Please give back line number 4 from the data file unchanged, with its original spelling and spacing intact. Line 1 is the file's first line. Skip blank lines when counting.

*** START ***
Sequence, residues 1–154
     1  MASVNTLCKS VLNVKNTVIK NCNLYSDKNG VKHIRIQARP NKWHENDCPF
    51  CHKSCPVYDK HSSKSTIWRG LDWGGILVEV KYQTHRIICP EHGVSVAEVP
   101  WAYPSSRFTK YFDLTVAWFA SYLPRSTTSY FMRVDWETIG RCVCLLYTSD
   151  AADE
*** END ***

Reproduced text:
   101  WAYPSSRFTK YFDLTVAWFA SYLPRSTTSY FMRVDWETIG RCVCLLYTSD